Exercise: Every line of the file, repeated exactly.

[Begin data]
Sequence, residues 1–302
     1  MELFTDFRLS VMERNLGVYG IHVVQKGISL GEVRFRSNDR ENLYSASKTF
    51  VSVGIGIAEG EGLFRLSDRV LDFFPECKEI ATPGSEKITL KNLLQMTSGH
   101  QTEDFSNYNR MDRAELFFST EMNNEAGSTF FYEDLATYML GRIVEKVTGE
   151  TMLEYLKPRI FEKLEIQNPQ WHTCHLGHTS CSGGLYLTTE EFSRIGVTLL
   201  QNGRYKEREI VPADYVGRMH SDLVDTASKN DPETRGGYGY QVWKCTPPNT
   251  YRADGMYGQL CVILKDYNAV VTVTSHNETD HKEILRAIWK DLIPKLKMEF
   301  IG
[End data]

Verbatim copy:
Sequence, residues 1–302
     1  MELFTDFRLS VMERNLGVYG IHVVQKGISL GEVRFRSNDR ENLYSASKTF
    51  VSVGIGIAEG EGLFRLSDRV LDFFPECKEI ATPGSEKITL KNLLQMTSGH
   101  QTEDFSNYNR MDRAELFFST EMNNEAGSTF FYEDLATYML GRIVEKVTGE
   151  TMLEYLKPRI FEKLEIQNPQ WHTCHLGHTS CSGGLYLTTE EFSRIGVTLL
   201  QNGRYKEREI VPADYVGRMH SDLVDTASKN DPETRGGYGY QVWKCTPPNT
   251  YRADGMYGQL CVILKDYNAV VTVTSHNETD HKEILRAIWK DLIPKLKMEF
   301  IG